Bat in the Night
According to Fisk, he turned to teammate Fred Lynn, who was batting fifth in the order behind Fisk this game, before his leadoff at bat in the 12th inning and said, “I’m going to hit one off the wall and it’s up to you to bring me home.” But Darcy, the last of eight pitchers for the Reds this game who had pitched two scoreless innings, made the conversation irrelevant when he allowed the Fisk round-tripper.
The game took four hours, one minute to complete, the longest game, time-wise, in World Series history up to that point. With Tuesday night becoming Wednesday morning, the clock read 12:33 a.m. when “Pudge” hit his shot smack against the yard-wide yellow mesh attached to the inside of the left field foul pole near the Green Monster. Soon, Fenway Park organist John Kiley was playing “Stouthearted Men,” the “Hallelujah Chorus” and “The Beer Barrel Polka.”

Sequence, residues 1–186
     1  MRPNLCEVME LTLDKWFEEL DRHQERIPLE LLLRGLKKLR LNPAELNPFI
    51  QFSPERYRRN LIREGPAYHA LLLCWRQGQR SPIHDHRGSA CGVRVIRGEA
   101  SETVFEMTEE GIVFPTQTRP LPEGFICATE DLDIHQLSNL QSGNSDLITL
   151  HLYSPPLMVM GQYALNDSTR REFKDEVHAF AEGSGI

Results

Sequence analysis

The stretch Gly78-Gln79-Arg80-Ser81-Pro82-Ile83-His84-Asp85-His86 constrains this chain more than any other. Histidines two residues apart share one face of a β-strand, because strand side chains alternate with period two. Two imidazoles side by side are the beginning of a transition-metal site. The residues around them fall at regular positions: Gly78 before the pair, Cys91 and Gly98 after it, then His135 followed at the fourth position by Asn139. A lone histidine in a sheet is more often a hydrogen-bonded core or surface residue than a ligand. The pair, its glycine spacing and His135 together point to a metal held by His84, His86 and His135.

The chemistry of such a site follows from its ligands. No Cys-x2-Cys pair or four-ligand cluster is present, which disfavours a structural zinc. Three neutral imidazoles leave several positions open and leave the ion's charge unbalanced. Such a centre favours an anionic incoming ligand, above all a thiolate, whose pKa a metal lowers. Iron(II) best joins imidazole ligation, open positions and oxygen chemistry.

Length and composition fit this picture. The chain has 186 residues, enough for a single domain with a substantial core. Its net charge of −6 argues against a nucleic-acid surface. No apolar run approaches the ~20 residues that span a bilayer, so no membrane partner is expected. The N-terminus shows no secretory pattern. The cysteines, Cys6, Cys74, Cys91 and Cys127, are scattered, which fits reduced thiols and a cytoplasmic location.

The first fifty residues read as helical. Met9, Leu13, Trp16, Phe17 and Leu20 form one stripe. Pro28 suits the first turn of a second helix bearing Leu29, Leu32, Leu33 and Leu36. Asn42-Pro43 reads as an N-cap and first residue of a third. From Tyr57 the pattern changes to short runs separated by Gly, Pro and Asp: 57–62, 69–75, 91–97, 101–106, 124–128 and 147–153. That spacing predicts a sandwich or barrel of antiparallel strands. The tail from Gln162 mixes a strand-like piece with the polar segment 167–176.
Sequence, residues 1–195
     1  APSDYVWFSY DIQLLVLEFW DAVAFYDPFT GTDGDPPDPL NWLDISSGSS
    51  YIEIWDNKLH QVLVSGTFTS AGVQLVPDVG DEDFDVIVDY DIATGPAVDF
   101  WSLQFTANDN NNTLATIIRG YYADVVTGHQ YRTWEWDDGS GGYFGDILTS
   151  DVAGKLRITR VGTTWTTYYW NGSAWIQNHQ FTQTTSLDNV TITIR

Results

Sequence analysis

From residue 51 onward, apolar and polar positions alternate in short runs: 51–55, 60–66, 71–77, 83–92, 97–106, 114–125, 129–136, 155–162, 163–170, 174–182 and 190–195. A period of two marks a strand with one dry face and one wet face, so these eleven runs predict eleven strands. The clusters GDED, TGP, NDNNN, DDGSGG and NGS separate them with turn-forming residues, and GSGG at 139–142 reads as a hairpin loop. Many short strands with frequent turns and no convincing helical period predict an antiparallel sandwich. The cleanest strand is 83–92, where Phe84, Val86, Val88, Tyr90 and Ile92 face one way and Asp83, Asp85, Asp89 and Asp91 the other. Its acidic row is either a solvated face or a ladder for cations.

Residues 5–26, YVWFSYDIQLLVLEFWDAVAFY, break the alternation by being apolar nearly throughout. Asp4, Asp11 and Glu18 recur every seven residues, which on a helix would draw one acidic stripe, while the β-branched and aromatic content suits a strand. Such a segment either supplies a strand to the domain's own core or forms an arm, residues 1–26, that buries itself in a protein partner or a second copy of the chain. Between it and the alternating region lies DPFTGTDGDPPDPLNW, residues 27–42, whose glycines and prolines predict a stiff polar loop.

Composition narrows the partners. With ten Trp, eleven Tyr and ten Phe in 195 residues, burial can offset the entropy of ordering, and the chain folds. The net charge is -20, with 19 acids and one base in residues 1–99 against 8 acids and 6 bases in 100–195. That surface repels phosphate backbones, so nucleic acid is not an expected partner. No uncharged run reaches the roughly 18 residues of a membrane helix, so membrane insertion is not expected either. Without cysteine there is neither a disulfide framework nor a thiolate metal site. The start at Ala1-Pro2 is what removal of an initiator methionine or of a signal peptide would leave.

“Until this one, I thought the extra-inning game we lost in Cincinnati (a 6-5 loss in 10 innings in Game 3) was as emotional as we could get. The stage was set for everything, though, in this one,” Fisk said. “We knew the Reds weren’t going to blow us out of the park and we knew we weren’t going to blow them out. Everyone was emotional.”
The Reds would capture their first World Series title in 35 years the next day with a 4-3 win.
Bill Francis is a Library Associate at the National Baseball Hall of Fame and Museum